Five ways you can boost your CV and make summer a success

By Sebastien Raybaud

No summer job? No problem! There are plenty of ways to keep yourself busy during the school break, and pick up some useful skills to enhance your CV while you’re at it

By Sebastien Raybaud |

Latest Articles

Face Off: Should schools in Hong Kong install gender-neutral toilets?

Brain Game: If you could design a new phone feature, what would it be? (Round 2)

Save money – and the planet – at Hong Kong’s Repair Cafe

While a summer job can be a great way to gain some work experience, it isn’t the only way to boost your CV during the holidays. So if you didn’t manage to get one, don’t worry. There are plenty of other skills you can be brushing up on in the next few weeks before school starts again that might just help land you your dream job later down the line. Here are a few that will get your CV glowing!

First aid

Knowing how to administer basic first aid is something which could prove invaluable in an emergency, but it can also be a requirement for a number of jobs. If you decide to be a lifeguard, teacher, doctor, sports trainer or even an event assistant, you will need to have first aid skills. Various organisations in Hong Kong offer courses, including Hong Kong St. John’s Ambulance, Hong Kong Red Cross, the Auxiliary Medical Service and the Occupational Safety and Health Council. These courses normally cost between HK$200-HK$$1000, depending on what level of training you require.

Driver’s licence

Another useful tool to add to your tool belt is a driver’s licence. Granted, driving lessons are very expensive, and you may have no intention of owning a car – after all, it isn’t really necessary in Hong Kong – but if you plan on living abroad, the chances are you will need to know how to drive. For some jobs overseas, it might well be the difference between you getting the job or not. Even if your job doesn’t require you to drive, you never know when this skill might come in handy. You can even start planning that road trip!

If you understandably can’t afford driving lessons just yet, or if you’re not quite old enough (you must be 18 to apply for a driving licence in Hong Kong), you can still get a head start by learning the rules of the road in preparation for the theory test. The transport department website has a handy user’s code for drivers, and the Kwun Tong Driving School also has a mock theory test on its website. This will give you some extra confidence for when you actually take your first lesson.

Travelling abroad

Going on holiday may not seem like something you can put on your CV, but travel is one of the best ways to gain valuable life experience. You can become better at communicating and being self-sufficient, and develop planning, organisation and time management skills. Travelling abroad also allows you learn about new cultures and ideas, which can be great for journalism, design, architecture, cooking and photography. It also broadens your world view and teaches you how to become a global citizen. Most workplaces are multicultural spaces, and it’s important to be cooperative and open-minded of cultural differences.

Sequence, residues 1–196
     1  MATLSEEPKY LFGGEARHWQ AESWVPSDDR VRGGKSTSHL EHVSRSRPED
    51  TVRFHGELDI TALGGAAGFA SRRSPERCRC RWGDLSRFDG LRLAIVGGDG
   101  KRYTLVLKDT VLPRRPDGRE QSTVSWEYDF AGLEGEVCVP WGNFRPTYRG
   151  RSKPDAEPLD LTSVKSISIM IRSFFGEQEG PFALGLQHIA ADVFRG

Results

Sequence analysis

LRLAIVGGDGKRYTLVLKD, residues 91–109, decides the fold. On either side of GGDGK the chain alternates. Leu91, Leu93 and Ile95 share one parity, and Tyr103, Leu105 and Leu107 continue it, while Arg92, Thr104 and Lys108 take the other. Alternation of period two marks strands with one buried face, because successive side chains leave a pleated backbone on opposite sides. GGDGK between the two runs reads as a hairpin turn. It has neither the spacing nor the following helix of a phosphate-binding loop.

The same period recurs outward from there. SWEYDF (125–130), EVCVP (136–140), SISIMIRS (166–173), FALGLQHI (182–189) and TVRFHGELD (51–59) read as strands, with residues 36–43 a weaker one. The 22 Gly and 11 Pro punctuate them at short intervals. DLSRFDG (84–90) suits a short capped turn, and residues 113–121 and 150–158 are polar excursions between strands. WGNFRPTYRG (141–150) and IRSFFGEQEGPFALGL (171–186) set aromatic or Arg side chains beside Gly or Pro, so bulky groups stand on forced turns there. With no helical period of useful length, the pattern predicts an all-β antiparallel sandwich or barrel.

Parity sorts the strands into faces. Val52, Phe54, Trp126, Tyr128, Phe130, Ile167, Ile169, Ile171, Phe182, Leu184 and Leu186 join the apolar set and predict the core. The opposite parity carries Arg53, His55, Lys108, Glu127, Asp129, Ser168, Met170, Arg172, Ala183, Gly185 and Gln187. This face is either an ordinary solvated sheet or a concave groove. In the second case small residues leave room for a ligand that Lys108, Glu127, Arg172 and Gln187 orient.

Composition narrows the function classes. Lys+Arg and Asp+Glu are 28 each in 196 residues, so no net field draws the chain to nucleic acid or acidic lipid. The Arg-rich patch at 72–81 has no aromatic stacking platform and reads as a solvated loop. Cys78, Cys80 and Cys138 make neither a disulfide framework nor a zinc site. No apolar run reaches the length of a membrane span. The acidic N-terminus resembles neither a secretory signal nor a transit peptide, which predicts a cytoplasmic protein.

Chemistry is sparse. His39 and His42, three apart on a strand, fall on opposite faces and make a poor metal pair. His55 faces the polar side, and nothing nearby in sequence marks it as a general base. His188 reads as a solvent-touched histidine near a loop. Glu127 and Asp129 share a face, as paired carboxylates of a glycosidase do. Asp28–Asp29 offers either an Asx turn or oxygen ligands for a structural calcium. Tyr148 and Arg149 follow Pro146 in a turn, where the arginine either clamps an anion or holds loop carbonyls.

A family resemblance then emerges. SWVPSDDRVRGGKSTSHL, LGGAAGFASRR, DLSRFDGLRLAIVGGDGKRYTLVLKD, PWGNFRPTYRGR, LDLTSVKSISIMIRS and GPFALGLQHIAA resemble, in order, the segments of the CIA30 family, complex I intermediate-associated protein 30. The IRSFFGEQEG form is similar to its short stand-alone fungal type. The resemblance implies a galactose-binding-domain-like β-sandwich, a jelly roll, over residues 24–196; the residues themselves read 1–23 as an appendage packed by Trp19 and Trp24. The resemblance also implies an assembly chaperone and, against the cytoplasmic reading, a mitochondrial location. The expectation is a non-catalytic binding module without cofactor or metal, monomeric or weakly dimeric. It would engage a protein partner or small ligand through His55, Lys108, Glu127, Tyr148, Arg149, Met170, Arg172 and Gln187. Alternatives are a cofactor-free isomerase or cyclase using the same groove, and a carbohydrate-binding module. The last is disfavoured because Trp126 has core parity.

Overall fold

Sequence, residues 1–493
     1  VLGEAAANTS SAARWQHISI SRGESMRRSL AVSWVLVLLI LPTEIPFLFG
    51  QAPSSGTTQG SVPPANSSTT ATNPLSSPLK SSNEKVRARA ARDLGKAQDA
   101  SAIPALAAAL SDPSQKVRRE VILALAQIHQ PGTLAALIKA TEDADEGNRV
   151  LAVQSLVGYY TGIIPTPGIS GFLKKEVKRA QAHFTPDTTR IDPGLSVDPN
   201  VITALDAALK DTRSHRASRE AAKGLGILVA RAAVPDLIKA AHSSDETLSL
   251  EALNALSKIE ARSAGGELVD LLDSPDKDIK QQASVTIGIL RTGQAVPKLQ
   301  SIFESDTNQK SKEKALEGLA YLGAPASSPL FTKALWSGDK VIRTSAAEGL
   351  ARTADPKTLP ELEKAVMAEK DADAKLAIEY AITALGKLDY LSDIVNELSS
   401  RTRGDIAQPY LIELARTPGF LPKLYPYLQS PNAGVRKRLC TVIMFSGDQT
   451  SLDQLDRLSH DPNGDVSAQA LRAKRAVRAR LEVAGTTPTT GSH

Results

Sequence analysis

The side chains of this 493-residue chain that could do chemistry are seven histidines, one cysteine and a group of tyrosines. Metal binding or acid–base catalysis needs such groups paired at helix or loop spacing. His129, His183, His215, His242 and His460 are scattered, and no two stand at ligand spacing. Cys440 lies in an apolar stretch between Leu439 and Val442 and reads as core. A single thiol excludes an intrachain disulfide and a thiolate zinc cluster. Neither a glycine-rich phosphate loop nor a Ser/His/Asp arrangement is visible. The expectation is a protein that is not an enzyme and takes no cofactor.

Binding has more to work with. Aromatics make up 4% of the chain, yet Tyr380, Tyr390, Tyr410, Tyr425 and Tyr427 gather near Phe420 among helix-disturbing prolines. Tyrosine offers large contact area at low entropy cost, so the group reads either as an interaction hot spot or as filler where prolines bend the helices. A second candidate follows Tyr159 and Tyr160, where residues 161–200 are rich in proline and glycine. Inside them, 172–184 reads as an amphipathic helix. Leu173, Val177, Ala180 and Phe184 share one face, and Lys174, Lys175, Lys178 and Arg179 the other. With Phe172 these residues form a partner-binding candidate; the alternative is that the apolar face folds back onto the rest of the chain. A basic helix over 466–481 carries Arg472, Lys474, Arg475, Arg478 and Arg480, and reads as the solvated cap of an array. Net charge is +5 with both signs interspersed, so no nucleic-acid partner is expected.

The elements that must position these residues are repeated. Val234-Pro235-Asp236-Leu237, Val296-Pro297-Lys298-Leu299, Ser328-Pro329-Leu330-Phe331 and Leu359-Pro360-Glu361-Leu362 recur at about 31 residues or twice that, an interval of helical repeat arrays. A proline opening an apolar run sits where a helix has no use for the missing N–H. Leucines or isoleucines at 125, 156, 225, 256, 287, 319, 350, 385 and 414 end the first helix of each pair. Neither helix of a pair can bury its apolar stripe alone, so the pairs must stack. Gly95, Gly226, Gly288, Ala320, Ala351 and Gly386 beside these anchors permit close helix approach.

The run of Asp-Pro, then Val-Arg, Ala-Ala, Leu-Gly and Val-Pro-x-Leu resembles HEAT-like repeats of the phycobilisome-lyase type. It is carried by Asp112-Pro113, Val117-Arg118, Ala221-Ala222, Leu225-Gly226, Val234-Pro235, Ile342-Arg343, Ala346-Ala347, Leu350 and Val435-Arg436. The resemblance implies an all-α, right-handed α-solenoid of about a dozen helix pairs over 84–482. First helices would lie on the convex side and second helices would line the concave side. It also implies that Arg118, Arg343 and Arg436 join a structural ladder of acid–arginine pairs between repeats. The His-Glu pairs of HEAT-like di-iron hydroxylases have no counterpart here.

Like driving lessons, travelling abroad can be expensive, but you don’t need to take a round-the-world-trip to gain experience. If you have a little pocket money to spare, there are plenty of inexpensive travel options. You don’t even have to go abroad; instead, simply take some time to explore Hong Kong and see what you can learn. You’ll still get the chance to practise being independent.


Volunteering is a no-brainer. It’s a valuable use of your time and a great way of giving back to the community. What’s more, if you treat it as job shadowing, it can also be excellent experience which could aid you in your career development. It gives you the chance to be in a working environment and build up a network of useful contacts. Ask the organisation you volunteer at to write you a reference which you can then pass on to employers. It’s really useful to have someone who can vouch for your character, skills and experience. There are usually volunteering roles at charities, hospitals and museums, so you’re bound to find something that interests you.

Writing it all up

So what about when you have these skills? Well, now it’s time to show them off on your CV.

No matter what career you’re interested in, it’s important to know how to express your ideas in writing. Your CV is the first impression an employer gets of you, and its up to you what kind of impression you give.

Try to spend 15 minutes each day writing, either by hand or typing. At this stage, it doesn’t matter what you write about; the aim is to get in the habit of practising regularly. Make sure you check all your grammar and spelling, and brush up on any basic grammar rules as you go along. The best writers are the ones who also read a lot, so try to find reading material that interests you. You don’t have to spend ages on these activities; it’s best to stick to practising little and often. When it comes to specifically writing a CV, spend some time looking at sample CVs online to get an idea of how it should be structured, what kind of information to include and what the writing style should be.

Just by having a go at accomplishing any of these goals, you can make your summer worthwhile. Good luck!

Edited by Charlotte Ames-Ettridge

Sign up for the YP Teachers Newsletter
Get updates for teachers sent directly to your inbox
By registering, you agree to our T&C and Privacy Policy